[Oeva-list] tax issues---what trucks actually pay...not so much

Karl Boekelheide OEVA at boekelheide.com
Sat Jun 16 09:05:28 PDT 2012


Unfortunately all this excellent rational discussion means nothing to politicians.  Facts don't matter.  Noise and numbers do.  Consider that many of the bridges in the state are being replaced because they were designed for a max load of 80,000 pounds.  The trucking industry convinced the state legislature than the limit needed to be raised to 105,000.  The fact that it would destroy bridges (and other parts of the roads) was not considered.

Until we can hire our own politicians and make lots of noise we will be labeled as freeloaders and no one will object.  Isn't democracy wonderful?  Every vote (I mean dollar) counts.
  ----- Original Message ----- 
  From: Lawrence Winiarski 
  To: Jay Donnaway ; oeva-list at oeva.org 
  Sent: Thursday, June 14, 2012 6:48 PM
  Subject: Re: [Oeva-list] tax issues---what trucks actually pay...not so much


  Yeah...I'd expect it costs ALOT more to make a road/bridge to support a 105,500 lb truck than to support a  500 lb motorcycle.


  Apparently most other states don't even have a weight/mile tax and the trucks just pay the fuel tax.   
  Oregon has just the weight mile tax which is "supposed" to account for the increased weight.


  But wouldn't it make more sense from a revenue point of view to force trucks to pay the fuel tax and then
  use a reduced weight mile surcharge?    Then at least you'd be sure of getting the money "up-front" instead
  of hoping that trucker from Georgia actually remembers to file his paperwork.     And for that matter,
  why not just collect the surcharge at the pump too? and make sure the gas people KNOW that they can't
  sell gas without taxes without getting the weight of the vehicle.


  Aat least this way you'd be sure to reduce fraud.    Their system now, pretty much lets people purchase diesel without

  any tax and almost surely get away with it..    Like this redneck apparently did.


  http://www.thedieselstop.com/forums/f27/diesel-w-puc-what-puc-glove-box-question-197495/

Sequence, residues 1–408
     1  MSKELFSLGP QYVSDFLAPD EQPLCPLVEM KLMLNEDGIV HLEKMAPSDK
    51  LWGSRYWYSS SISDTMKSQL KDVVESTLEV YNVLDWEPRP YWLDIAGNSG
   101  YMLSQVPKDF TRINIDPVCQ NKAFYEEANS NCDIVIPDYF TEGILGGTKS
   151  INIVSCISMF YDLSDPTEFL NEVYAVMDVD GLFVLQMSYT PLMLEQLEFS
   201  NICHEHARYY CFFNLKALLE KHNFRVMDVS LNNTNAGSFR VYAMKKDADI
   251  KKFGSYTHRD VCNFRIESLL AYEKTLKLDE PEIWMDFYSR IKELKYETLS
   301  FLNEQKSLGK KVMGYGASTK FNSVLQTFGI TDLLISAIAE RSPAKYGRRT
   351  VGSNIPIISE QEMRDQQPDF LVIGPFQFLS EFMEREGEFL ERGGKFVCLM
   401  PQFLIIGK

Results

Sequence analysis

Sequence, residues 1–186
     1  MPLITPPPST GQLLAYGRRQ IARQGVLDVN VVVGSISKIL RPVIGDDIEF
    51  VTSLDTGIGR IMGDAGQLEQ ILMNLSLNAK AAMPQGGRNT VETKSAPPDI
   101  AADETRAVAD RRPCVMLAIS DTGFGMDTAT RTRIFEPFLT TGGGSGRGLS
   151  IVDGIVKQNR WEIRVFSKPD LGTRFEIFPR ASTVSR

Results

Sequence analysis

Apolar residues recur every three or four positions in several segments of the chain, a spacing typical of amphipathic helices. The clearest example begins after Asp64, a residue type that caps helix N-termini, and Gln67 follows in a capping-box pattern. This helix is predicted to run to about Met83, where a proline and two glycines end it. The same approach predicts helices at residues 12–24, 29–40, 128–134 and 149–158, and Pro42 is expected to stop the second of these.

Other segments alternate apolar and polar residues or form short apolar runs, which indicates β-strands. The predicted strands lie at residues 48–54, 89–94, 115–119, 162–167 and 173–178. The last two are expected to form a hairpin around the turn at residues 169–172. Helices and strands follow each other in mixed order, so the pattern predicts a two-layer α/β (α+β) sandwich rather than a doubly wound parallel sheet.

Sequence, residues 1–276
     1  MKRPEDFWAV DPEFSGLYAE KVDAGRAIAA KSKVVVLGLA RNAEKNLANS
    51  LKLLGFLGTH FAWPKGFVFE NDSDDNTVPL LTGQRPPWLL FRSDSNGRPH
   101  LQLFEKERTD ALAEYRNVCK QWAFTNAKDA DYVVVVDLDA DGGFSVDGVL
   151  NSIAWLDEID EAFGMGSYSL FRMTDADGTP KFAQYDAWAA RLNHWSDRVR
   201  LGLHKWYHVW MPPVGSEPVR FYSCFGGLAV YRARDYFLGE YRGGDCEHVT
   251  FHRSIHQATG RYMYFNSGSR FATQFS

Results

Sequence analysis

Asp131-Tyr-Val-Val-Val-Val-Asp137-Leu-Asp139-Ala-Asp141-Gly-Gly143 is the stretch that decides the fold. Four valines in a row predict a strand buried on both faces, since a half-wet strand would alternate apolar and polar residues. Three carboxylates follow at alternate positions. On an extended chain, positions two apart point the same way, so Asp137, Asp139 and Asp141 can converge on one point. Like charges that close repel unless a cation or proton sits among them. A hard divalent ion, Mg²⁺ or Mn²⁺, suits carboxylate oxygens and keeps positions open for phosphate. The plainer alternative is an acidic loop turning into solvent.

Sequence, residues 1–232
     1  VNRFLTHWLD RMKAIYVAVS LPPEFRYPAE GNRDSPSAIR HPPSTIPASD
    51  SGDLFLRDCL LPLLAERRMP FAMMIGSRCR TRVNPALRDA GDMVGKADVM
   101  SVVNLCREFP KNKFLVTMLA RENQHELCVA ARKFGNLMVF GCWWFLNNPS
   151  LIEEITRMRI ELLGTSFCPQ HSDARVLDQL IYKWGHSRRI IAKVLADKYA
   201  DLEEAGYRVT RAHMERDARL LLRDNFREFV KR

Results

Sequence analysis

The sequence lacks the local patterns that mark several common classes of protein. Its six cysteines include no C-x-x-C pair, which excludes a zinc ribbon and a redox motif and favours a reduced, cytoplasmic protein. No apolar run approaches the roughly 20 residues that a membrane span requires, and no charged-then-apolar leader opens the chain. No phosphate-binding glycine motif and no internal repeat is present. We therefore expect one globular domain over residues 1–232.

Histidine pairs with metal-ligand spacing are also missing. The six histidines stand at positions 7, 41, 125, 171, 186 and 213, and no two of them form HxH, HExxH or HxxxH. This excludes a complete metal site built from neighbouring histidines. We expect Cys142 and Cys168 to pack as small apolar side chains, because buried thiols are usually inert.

------------------------------------------------------------------------------
  From: Jay Donnaway <jray3 at aol.com>
  To: oeva-list at oeva.org 
  Sent: Thursday, June 14, 2012 5:46 PM
  Subject: Re: [Oeva-list] tax issues---what trucks actually pay...not so much



RE:> "But does that argument even apply to a 2 lane road?    You can't make the road 
any smaller, and if it has to be built to withstand
> an 80,000 lb truck... Suppose 99 cars and 1 truck used the road....Would it be 
"fair" to say that the fact that it had to be built
> for 80,000 lbs should be spread equally by all trucks and cars alike, because 
99 cars used it.    It seems to me that the fact the
> bridge needs to be built to support 80,000 lbs...it doesn't matter how many 
2000 lbs geos go over it.  "80,000 lbs?  Chicken feed.  Trucks grossing 105,500 are allowed in Oregon without trip permits (but with extra axles), and in the recycling business we make sure they're carrying every last pound of legal payload!  Take a closer look at a Gresham Transfer rig or one of the red Puget Sound Freight Lines trailers next time you see one headed down to SP Newsprint in Newberg or up to the paper mills in Longview on I-5.  They've got all them axles for a reason!Here's an ODOT fact sheet on truck GVWs, check out the bottom of page 2.http://www.oregon.gov/ODOT/MCT/news/cvsizeweightfacts.pdf?ga=t Cheers, Jay Donnawaywww.karmanneclectric.blogspot.com	
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